Ten possible ‘inappropriate’ uses of the morning after pill from which Boots might wish to disincentivize you with its high prices.
1. Deliberately not having safe sex before you go to a rave, so you can take your cheaper MAP and pretend it’s a fun party drug to win respect from your equally reckless friends (before going home early to recover from your dizziness and nausea).
2. Buying the newly affordable MAP in bulk to make fun candy necklaces that will wow your friends and colleagues.
3. Keeping one in your pocket in case anyone ever asks if you have an iPad, so you can whip it out and say ‘no, but I’ve got a tablet!’ This is a sure fire way not to make everyone laugh and want to be your friend.
4. Waving it at the vicar in case he or she gets embarrassed.
5. Crushing it and using it as a flavoursome condiment.
6. Selling the MAP at a mark-up to schoolgirls on buses to supplement your income.
7. Hosting MAP and prosecco parties where you celebrate female liberation and plot to overthrow the patriarchy.
8. Keeping a box visible on your nightstand to convince men they don’t need to put a condom on, when actually you’re desperate to harvest their sperm and conceive so you can use satanic ritual and foul-smelling herbs to become the mother of invincible devil-spawn.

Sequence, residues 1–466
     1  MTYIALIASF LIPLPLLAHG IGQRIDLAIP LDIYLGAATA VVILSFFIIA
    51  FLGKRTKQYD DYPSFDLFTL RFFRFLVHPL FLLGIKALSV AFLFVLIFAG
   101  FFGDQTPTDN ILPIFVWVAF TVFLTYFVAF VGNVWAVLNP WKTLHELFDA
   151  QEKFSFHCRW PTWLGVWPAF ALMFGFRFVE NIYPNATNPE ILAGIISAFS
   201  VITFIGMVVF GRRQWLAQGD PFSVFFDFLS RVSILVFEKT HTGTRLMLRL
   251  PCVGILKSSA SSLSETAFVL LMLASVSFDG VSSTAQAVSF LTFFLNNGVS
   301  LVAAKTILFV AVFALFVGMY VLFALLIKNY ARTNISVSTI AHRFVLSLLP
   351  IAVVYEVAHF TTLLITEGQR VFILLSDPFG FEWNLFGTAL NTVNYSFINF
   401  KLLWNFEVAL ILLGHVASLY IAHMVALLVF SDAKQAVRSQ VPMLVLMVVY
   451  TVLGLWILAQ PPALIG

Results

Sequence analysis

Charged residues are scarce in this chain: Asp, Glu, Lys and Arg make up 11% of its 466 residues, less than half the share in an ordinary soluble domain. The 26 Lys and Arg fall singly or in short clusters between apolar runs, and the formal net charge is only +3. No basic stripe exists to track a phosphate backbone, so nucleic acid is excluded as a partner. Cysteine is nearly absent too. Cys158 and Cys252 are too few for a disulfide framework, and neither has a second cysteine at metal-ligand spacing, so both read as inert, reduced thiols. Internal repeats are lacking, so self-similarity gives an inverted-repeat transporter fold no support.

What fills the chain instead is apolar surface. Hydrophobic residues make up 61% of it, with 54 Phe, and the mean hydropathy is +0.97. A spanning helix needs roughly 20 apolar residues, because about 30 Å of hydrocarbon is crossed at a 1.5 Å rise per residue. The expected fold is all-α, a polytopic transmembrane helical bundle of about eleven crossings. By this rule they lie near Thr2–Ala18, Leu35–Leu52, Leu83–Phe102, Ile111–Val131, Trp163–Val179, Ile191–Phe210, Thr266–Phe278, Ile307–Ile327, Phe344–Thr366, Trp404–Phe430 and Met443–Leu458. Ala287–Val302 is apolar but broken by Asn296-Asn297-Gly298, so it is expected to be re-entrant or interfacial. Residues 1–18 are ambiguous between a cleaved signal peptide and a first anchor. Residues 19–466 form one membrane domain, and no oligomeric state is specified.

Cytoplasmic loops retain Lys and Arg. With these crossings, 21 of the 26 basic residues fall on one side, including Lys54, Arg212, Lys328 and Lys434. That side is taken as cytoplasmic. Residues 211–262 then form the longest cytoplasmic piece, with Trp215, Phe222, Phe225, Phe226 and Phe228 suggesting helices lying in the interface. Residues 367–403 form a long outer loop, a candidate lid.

9. Sweetening your daily cup of feminism-gone-mad coffee brewed with the tears of good men and the blood of unborn children.
10. Using it as your standard form of contraception even though that makes absolutely. no. fucking. sense. because it’s still several times more expensive per shag than a £4 condom bought from a pub vending machine.
Things Boots are actually disincentivizing women from doing
1. Exercising their right to bodily autonomy and preventing unwanted pregnancy, irrespective of their income level, background, and ability to access free NHS services in time.
2. Shopping at Boots.
For more background to the Boots Morning After Pill pricing controversy, click here. The author of this piece, like many other women, is boycotting Boots until it recognises its policy is sexist, classist, and full of paternalistic nonsense. For more on the campaign by bpas to convince high street retailers to drop the price of emergency contraception, go to justsaynon.org.uk.
Image created from a photograph by Emma Danielsson.